Salomon Rondon – After their first win of the season last weekend, Newcastle United had the opportunity to make it back-to-back victories over in-form teams as Bournemouth arrived at St James’ Park looking to record their third win in a row in the north-east. An entertaining, end-to-end, blood and thunder match was decided by the quality of the home side’s finishing, as  one man in particular finally made his mark in the black and white stripes. Salomon Rondon start to life as Newcastle’s number nine hasn’t exactly been storybook, with a lack of pre-season and a string of niggling injuries limiting the Venezuelan to just 233 minutes before his start against Watford last weekend.

Against Bournemouth, Rondon posted the consummate centre-forward’s performance. A bustling, bruising battering ram, the on-loan striker caused havoc for Eddie Howe’s backline all afternoon. In the seventh minute, with both sides  having set out their stall, a clever chipped pass from Mohamed Diame landed in the path of the speedy DeAndre Yedlin, and the full-back’s centre was turned towards goal by Rondon. Denied at first by Asmir Begovic, the Venezuelan kept his cool and rifled in the rebound to give the Magpies an early lead.

Though the Cherries would enjoy a decent spell of pressure midway through the first-half, the hosts advantage would be doubled five minutes from the break with a sumptuous team move. Ki Sung-yeung, deputising for the injured Jonjo Shelvey, fired a crossfield ball towards Kenedy, and the young Brazilian’s pinpoint cross was hammered into the top corner via the head of Rondon. Not so much a bull in a china shop as Minotaur at a Ming vase exhibition. Though Bournemouth would pull one back in first-half stoppage time through Jefferson Lerma’s header, Rondon could and should have completed his hat-trick in the second half, first spinning a header from Matt Ritchie’s cross wide, before Begovic’s big toe turned his goalbound effort past the post.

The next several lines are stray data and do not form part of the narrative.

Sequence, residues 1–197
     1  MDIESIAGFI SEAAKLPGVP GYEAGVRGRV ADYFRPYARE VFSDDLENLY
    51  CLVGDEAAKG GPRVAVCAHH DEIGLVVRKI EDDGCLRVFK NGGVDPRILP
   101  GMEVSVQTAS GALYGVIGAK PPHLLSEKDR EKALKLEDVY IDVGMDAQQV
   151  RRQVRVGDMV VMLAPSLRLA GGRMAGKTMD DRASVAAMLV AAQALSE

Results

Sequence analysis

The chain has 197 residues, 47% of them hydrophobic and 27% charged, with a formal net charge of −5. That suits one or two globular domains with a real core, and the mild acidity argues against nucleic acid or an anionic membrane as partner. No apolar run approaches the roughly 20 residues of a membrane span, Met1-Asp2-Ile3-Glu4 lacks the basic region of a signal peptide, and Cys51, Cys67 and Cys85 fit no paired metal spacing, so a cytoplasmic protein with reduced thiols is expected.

It wasn’t just the penalty box threat that Rondon offered that impressed the gathered Toon Army, as every rushed clearance seemed to stick to his 6’1” frame, and every long ball forward was chased down like a juggernaut. Benitez said after the match that his first-choice striker wasn’t yet fully fit, and there’s plenty more to come from the West Brom man. If Rondon can find some kind of consistency, Newcastle United might just have found their latest striking hero.


Marco Silva’s new-look Everton – It was fitting that, the day after Fray Bentos Ambassador Sam Allardyce appeared on BT Sport bemoaning his reputation for negative football, Everton faced the team they failed to register a shot on target against under their former manager last season. That goalless draw at Goodison, the first of two consecutive home games in which the Toffees failed to trouble the visiting goalkeeper, marked the moment any shred of goodwill for the Count of Monte Bisto dissolved like his beloved gravy granules.

Now, though, things are different. Though Kepa Arrazibalaga was only tested once on an overcast afternoon at Stamford Bridge, Marco Silva’s charges were able to dig in at a ground in which they’ve conceded ten goals in their last three Premier League visits, heading back to Merseyside with a point and a clean sheet. It leaves them a point behind the chasing pack for a top six finish, surely the ceiling target for the Portuguese manager in his first season.

After a wobble in September, where West Ham were able to capitalise on some sloppy defending, the Toffees are beginning to build some momentum. Silva, too, looks to be learning from his mistakes. His gung-ho approach at Watford, which saw the Hornets concede three or more goals on seven occasions, has been replaced by a modicum of defensive solidity – Everton have conceded nine fewer goals than at this stage last season, though that’s damning with faint praise.



Crystal Palace’s Home Form – Even before Wilfried Zaha’s omission from the starting line-up, the omen’s for Crystal Palace’s match against Tottenham Hostpur were grim. After all, they were playing at home. The Eagles are yet to win at Selhust Park this season, and the visit of a team they’d only manage to beat once in their last five meetings in South London hardly inspired confidence.